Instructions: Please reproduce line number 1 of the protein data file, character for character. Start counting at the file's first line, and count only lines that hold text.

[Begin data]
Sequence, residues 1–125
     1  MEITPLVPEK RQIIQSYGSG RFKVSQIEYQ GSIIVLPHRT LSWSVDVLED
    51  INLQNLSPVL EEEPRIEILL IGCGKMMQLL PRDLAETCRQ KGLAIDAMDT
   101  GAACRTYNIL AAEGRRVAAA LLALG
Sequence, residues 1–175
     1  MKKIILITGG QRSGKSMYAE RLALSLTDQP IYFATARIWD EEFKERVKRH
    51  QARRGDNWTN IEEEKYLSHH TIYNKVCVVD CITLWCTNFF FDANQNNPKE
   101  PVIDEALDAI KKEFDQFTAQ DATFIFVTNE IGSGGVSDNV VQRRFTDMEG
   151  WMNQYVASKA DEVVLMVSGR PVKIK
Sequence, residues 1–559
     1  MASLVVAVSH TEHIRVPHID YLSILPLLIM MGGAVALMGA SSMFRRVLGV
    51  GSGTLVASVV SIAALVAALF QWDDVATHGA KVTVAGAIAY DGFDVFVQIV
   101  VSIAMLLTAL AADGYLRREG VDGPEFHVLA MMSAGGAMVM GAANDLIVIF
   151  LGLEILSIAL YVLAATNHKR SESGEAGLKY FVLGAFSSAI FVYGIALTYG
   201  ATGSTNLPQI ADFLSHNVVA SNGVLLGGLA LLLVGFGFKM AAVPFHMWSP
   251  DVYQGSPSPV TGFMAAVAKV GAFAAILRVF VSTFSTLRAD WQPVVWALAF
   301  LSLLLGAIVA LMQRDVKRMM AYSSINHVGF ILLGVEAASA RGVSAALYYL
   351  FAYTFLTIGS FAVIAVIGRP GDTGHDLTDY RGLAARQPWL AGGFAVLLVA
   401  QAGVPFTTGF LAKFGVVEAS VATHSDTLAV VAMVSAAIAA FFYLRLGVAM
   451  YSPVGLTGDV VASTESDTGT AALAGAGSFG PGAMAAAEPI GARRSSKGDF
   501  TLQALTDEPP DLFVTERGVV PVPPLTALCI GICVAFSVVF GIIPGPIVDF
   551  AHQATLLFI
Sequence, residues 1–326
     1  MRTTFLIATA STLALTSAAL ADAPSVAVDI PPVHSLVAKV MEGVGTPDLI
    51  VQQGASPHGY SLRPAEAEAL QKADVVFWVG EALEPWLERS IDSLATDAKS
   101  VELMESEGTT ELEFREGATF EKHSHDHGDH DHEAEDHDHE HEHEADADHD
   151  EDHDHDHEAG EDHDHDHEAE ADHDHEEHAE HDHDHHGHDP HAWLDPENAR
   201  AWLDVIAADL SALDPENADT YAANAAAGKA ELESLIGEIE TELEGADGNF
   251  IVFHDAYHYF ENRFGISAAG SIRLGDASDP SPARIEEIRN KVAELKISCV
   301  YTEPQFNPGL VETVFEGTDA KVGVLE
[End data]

Sequence, residues 1–125